Shortly after graduating high school I started working for my family’s business, which meant my father was my boss. I’ve always jokingly said he was the worst boss I have ever had, but that’s only partially true. He pushed me to see my own potential. He challenged me, corrected me, inspired me but most importantly, he believed in me.

After working at the business for several months, he drove me to a warehouse distributor, pulled out a check, signed it and said, “Your turn to make a deal.” It was only a few weeks earlier, that he and I were talking about expanding his business and how much I wanted to have my own business someday. When we arrived at the distributor, he reminded me of that day and that if I really wanted to follow my dreams of being a business owner, today was the day. He said I had all the skills necessary to make this go right. After trying to convince me to get out of the car for 10 minutes, I finally did. 45 minutes later, I walked out with a signed contract and a new business.

My father taught me many things I didn’t know about myself that day. He had been coaching me for that very moment over the last several months. I didn’t know I was ready until I walked through those doors. As I’ve pondered his influence and others who have taught me, guided me and encouraged me throughout my professional career, I’ve realized the power that lies within mentorship. Without his coaching, I would have failed miserably. If my current and previous managers hadn’t properly mentored me, I am sure I would not be in the position I am in today. The truth is, one simply cannot succeed alone. This is why it’s important to look for mentors no matter our capacity, the industry we work in or the role we play. Each one of us can benefit from good mentorship and if that story didn’t convince you, here are my top 4 reasons why finding a mentor is imperative.  

Mentors know what it takes to succeed

Mentors are experienced and knowledgeable. Most of them have already been through all the in’s and out’s of creating a business or working in a particular field. They have gone through the trial and error period and can help us prevent making the same mistakes. I relied a lot on my father’s knowledge while I managed my first business. He taught me the 4 P’s of marketing: price, product, place and promotion. It wasn’t until a few years into college that I learned more about these in depth. He taught me all the do’s and don’ts and saved me from many headaches in the future. In the banking industry, I’ve relied heavily on the knowledge and experience of several managers that have worked in the industry longer than I have. They directed me to where I needed to go to reach the position I wanted to. Some mentors volunteered me for projects they knew I wouldn’t have requested to be on, knowing it was out of my comfort zone. They knew it was what I needed to do to get my name out there and they knew that I was capable of doing well. We often don’t see our potential until someone points it out.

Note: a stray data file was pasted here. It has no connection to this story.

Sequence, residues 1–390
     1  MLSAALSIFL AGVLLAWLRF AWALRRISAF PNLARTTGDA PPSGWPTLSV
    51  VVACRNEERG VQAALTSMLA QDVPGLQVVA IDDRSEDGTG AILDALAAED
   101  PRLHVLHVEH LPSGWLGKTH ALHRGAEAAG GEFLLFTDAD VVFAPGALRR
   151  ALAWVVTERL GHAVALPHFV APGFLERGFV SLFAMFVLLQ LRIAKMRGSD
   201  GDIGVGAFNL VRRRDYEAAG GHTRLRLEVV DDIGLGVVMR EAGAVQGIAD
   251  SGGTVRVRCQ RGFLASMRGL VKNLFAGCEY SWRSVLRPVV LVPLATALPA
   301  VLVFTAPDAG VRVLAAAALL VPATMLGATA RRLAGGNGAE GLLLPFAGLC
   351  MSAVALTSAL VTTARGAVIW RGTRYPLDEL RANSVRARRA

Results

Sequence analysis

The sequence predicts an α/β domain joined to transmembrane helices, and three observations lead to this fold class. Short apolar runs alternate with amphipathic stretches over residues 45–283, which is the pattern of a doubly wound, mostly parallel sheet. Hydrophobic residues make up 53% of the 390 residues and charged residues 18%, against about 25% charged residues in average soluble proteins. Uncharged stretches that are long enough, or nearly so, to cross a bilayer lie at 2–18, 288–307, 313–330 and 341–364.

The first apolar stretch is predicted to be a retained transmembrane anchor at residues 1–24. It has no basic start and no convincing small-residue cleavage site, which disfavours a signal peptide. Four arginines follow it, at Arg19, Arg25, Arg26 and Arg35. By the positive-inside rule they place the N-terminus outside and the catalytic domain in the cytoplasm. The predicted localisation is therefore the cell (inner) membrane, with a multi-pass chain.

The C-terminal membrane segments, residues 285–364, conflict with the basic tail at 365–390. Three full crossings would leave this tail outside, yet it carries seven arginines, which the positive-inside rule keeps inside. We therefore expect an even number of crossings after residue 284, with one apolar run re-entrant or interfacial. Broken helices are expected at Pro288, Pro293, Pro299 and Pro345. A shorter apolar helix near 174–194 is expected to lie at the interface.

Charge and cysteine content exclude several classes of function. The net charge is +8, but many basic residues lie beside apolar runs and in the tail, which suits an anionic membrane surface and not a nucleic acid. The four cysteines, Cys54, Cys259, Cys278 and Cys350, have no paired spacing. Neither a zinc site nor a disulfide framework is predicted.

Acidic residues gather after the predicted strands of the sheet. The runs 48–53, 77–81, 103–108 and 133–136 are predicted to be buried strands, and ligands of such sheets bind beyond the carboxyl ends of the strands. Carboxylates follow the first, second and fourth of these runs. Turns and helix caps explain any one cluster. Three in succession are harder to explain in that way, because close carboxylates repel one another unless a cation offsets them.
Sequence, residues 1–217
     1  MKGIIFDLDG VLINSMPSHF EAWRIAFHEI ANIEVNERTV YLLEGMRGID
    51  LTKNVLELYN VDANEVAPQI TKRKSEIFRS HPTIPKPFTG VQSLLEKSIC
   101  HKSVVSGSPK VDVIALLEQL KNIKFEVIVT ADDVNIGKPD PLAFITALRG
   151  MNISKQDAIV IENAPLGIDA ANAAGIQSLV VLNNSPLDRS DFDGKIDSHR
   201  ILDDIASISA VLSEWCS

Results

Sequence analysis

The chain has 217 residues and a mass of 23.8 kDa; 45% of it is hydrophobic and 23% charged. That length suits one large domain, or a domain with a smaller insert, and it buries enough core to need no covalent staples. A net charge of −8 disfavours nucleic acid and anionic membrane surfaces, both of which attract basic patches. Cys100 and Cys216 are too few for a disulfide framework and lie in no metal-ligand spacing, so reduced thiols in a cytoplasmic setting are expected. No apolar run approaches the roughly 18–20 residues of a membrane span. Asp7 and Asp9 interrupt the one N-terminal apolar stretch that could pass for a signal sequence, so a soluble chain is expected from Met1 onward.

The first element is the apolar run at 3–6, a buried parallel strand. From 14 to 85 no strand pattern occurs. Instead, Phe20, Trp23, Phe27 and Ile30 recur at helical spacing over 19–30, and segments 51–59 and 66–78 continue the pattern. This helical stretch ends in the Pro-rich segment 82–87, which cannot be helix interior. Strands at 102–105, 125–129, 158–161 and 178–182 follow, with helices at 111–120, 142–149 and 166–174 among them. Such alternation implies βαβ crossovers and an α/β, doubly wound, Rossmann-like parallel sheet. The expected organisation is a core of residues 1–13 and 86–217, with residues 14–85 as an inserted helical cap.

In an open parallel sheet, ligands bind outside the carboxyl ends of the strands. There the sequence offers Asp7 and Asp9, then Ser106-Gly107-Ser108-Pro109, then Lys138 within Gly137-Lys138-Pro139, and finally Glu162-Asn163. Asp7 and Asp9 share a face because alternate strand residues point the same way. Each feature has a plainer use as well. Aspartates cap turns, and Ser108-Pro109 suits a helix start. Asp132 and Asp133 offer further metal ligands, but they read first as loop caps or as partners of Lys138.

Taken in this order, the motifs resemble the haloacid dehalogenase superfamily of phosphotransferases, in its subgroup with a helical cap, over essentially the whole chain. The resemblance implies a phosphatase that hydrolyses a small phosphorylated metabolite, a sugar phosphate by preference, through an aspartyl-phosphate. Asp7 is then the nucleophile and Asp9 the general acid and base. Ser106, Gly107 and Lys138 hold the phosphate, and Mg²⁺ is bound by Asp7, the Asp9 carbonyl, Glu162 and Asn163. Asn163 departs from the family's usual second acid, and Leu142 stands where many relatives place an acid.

Mentors help us improve in ways we don’t often see
We all know the saying, “The truth hurts.” Last month’s Business Women’s Forum article “Give Feeback That Builds Trust on Your Team” by Sherry Weaver mentioned the need for immediate and constructive criticism. If you’ve picked the right mentor, they will not hold back on giving you constructive criticism. If they truly care about your success they will speak up. Good mentors will help you identify your weaknesses and can help you overcome them. It is also our responsibility as mentees to ask for and be willing to receive that feedback. In the article Mentors are the key to Business Success” by David Semerad, he says, “Get in the habit of acknowledging that you have weaknesses. If you are thinking this sounds counter-productive, it’s not. Smugness has a tendency to lead to failure.” Over the course of my career I’ve always sought mentors who I felt would challenge me. A quote I’ve heard over the years, and think about all the time is, “When you’re green you’re growing, when you’re ripe you rot.” It is okay not to know everything and it’s okay to acknowledge that you have weaknesses. Remember there is always room for growth. We only grow when we are uncomfortable so, let’s get uncomfortable!